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July 1997

Walt Roberts Weather Trail is open for business

A new chapter was added to the legacy of NCAR founder Walter Orr Roberts with the opening of a weather-oriented interpretive trail in his name. The trail behind the Mesa Lab, upgraded in 1989 by Volunteers for Outdoor Colorado, has been further enhanced this summer by the addition of 11 signs explaining Front Range weather and climate phenomena whose aspects or impacts are visible from the mesa.

Janet Roberts opens the trail as Jenny Roberts-Nobles and Chuck Nobles look on. (All photos by Carlye Calvin.)

North America's first weather trail was feted on 9 July in a dedication ceremony attended by the UCAR Board of Trustees (in town for their quarterly meeting), along with Janet Roberts and the Roberts's daughter and son-in-law. After cutting the ribbon to open the trail, Janet reminded the crowd of a classic meteorological ditty: "Whether it's cold or whether it's hot, we'll always have weather, whether or not."

Taking in the trail are Wendy Abshire and Chuck Wade (left), Nancy Norris (right), and two unidentified visitors (center).

The ceremony moved to the cafeteria to recognize two other events: the second summer of the Significant Opportunities in the Atmospheric and Related Sciences (SOARS) program and the impending retirement of UCAR vice president for finance and administration Bill Rawson. (See next month's Staff Notes Monthly for a report on Bill's transition and the hiring of two new vice presidents.)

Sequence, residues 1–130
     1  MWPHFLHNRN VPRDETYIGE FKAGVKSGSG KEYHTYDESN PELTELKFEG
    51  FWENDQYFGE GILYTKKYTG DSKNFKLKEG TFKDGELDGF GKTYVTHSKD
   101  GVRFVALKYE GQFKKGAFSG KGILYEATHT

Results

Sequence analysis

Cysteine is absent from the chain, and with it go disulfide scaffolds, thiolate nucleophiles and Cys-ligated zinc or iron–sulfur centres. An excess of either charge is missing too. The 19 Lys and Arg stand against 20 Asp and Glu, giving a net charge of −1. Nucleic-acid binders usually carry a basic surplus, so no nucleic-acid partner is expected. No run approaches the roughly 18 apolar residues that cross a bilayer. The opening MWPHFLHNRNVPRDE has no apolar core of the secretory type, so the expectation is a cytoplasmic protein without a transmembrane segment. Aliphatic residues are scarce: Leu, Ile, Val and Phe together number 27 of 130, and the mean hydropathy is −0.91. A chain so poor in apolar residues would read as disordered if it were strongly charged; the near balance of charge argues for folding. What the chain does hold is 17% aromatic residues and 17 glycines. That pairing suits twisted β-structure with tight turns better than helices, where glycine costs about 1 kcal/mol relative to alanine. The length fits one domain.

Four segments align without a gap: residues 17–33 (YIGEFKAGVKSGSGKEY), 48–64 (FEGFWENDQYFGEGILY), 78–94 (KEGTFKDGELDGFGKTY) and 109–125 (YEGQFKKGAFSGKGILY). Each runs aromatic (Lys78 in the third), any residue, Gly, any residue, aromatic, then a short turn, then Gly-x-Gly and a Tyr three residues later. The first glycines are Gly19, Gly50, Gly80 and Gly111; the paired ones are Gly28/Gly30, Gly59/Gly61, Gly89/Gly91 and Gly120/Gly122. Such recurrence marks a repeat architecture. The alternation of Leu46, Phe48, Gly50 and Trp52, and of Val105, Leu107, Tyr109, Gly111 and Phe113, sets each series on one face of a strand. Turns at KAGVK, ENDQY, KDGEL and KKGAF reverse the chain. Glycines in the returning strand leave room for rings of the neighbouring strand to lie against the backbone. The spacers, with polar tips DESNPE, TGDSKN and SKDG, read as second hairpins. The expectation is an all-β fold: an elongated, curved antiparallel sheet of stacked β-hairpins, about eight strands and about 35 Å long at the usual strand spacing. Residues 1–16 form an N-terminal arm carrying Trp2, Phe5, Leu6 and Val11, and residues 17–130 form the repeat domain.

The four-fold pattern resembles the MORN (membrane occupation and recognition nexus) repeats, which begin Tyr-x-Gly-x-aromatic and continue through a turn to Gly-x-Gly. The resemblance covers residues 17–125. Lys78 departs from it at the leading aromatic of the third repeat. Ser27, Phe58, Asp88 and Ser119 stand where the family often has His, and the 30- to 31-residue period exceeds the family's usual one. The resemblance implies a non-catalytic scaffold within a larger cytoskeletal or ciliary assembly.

On Friday, 11 July, around 200 citizens and staff flocked to the mesa for the trail's grand opening. Several NCAR and UOP scientists were deployed along the trail to answer questions. They included Wendy Abshire and Rich Cianflone (COMET); Siri Flocke, Alex Guenther, and Peter Harley (ACD); Janice Coen and Vanda Grubisic (MMM); and Marcia Politovich (RAP). Also taking questions were Milli Butterworth and Zhenya Gallon (UCAR Communications).

Bill Rawson, honored by the UCAR Board of Trustees on 9 July.

The trail was inspired by a similar one installed near Gstaad, Switzerland, by the Swiss Meteorological Institute. That and another Swiss trail appear to be the only other interpretive trails in the world dedicated to weather and climate. The NCAR trail was overseen by Nita Razo and Linda Carbone (NCAR Visual Communications) with input from the Exhibits Committee. Bob Henson (UCAR Communications) wrote the text; Liesel Brunson (NCAR Imaging and Design Center) designed the illustrations. Primary funding for sign production and installation came from Friends of UCAR, the annual membership program created to support science education activities.

After initial machining work by John Vanderpol (ACD) and John Harkness (FSS), the signs were constructed and assembled by Ken Harris, José Rivas, Bart Woodiel, and Jim Ellis (Design and Fabrication Services), with final assembly by Pat Craig (FSS). Rich Johnson and Beau Charbonneau (FSS) installed the signs on the mesa. The installation was organized by John Pereira and David Soule (FSS).


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Edited by Bob Henson, bhenson@ucar.edu